- Introduction: Four Times Across The Atlantic
- Review: ITA Airways Business Class A350 (MIA-FCO)
- Review: ITA Airways Lounge Rome Airport (FCO)
- Review: Prima Vista Lounge Rome Airport (FCO)
- Review: ITA Airways Business Class A320 (FCO-CAI)
- Changing Terminals At Cairo Airport: Still Complicated
- Review: EgyptAir Lounge Cairo Airport (CAI)
- My Rough Night At Cairo Airport, Made Better By EgyptAir’s Osama
- Review: EgyptAir Business Class 787 (CAI-CDG)
- Review: Sheraton Paris Airport (CDG)
- Review: YOTELAIR Paris Airport Priority Pass Lounge (CDG)
- Review: Air France Lounge Paris Airport (CDG)
- Review: New Air France Business Class 777-300ER (CDG-JFK)
- Review: Hyatt Regency JFK At Resorts World New York
- Review: AA & BA Greenwich Lounge New York (JFK)
- Review: AA & BA Soho Lounge New York (JFK)
- Review: AA & BA Chelsea Lounge New York (JFK)
- Review: Amex Centurion Lounge New York (JFK)
- Review: British Airways Lounge Newark Airport (EWR)
- Review: New British Airways First Class 777 (EWR-LHR)
- Review: Renaissance London Heathrow Hotel (LHR)
- Review: Virgin Atlantic Clubhouse London Heathrow (LHR)
- Review: Amex Centurion Lounge London Heathrow (LHR)
- Review: No1 Lounge London Heathrow (LHR)
- Review: Virgin Atlantic A330neo Upper Class Business Class (LHR-MIA)
- Is Virgin Atlantic’s Retreat Suite Worth It?
For the next portion of my review trip, I checked out the three “new” American Airlines & British Airways lounges at JFK’s Terminal 8, prior to my British Airways first class flight to London. In this post I’ll review the Greenwich Lounge, and then in separate installments I’ll review the Soho Lounge and the Chelsea Lounge.
The Greenwich Lounge is an excellent business class lounge, with great views, comfortable seating, a solid selection of food and drinks, and two special amenities that set it apart. To many American fliers it should also look familiar, as it’s the former Flagship Lounge, and not much has changed.
In this post:
Basics of American & British Airways JFK lounges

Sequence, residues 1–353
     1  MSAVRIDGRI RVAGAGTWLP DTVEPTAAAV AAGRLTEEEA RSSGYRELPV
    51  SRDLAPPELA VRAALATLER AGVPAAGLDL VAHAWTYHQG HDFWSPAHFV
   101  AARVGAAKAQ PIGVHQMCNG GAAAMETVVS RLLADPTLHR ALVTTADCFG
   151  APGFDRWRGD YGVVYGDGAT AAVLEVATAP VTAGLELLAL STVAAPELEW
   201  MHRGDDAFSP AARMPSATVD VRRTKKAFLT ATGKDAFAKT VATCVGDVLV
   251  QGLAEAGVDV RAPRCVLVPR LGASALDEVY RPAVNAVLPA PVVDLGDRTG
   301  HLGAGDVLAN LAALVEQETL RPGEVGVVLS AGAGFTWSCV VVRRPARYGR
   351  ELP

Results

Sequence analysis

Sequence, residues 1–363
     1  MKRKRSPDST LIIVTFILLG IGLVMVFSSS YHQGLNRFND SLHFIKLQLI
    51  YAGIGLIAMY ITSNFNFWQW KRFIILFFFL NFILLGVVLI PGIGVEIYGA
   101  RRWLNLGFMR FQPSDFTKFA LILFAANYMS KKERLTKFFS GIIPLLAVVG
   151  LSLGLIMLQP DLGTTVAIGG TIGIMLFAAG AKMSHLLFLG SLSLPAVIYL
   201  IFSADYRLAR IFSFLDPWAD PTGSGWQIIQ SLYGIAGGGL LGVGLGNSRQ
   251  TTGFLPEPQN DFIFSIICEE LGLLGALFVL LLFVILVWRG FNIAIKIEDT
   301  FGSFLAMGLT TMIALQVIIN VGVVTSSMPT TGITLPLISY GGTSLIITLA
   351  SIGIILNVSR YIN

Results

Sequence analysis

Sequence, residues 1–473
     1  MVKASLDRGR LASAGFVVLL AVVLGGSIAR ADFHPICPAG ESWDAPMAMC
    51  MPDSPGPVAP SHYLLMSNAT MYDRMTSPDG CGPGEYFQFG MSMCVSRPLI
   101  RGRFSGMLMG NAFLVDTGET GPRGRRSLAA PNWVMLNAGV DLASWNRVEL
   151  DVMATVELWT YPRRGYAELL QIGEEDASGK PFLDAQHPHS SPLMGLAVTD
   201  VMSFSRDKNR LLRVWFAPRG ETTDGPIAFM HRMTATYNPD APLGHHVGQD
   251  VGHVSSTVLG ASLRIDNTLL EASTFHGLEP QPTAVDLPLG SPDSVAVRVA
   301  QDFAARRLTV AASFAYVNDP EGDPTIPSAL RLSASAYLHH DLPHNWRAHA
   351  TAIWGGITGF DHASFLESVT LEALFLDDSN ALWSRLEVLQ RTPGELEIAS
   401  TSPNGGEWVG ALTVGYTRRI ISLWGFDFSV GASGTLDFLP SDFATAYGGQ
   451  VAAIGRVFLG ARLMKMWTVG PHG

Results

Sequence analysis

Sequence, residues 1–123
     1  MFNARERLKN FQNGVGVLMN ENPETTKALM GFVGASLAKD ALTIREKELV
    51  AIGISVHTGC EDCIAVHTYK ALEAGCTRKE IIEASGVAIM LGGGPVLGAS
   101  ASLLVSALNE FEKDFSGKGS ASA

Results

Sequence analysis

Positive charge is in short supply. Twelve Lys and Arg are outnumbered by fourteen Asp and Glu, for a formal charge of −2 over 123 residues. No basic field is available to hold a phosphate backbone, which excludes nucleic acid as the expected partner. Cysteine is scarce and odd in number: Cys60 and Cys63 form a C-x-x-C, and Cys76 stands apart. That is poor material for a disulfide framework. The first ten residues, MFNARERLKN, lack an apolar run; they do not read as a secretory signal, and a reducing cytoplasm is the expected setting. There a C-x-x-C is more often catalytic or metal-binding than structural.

To provide a bit of background, in late 2022, British Airways moved to Terminal 8 at JFK. American Airlines and British Airways have a lucrative transatlantic joint venture, and New York to London is one of the most important air markets in the world. As a result, this terminal move was a big development for the two airlines.
Given how big the combined presence of the two carriers is at JFK, we’ve seen major lounge investments at Terminal 8. There are now three premium lounges in the terminal — the Greenwich Lounge, the Soho Lounge, and the Chelsea Lounge.
While it’s cute that they’re named after neighborhoods that exist in both New York and London, the names don’t do a whole lot to tell you which is most premium, and which you have access to.
To briefly summarize the basics of the three lounges:
- The Chelsea Lounge is the most exclusive lounge, and is roughly 10,000 square feet with seating for 128 passengers, and it’s an all-new space; it’s open to select first class passengers on American and British Airways, and it replaces the former Flagship First Dining facility
- The Soho Lounge is the next lounge, and is roughly 12,000 square feet with seating for 282 guests, and it’s an all-new space; it’s open to oneworld Emerald members on select itineraries
- The Greenwich Lounge is the final lounge, and is roughly 27,000 square feet with seating for 590 guests, and it replaces the former Flagship Lounge; it’s open to select business class passengers on all oneworld airlines, plus oneworld Sapphire members on select itineraries
I’ll go into more detail on each of the lounge’s entry requirements with the individual reviews, but wanted to provide a basic overview. Note that in addition to this there’s the Admirals Club, which has standard Admirals Club access rules.
Greenwich Lounge New York location
The Greenwich Lounge New York is easy to find. Once you clear security at JFK Terminal 8, just walk down the main pathway toward the gates, past the Bobby Van’s Grill (which is on the right).
You’ll see signage above the walkway pointing in the direction of the various lounges, and as you can see, the Greenwich Lounge is to the left.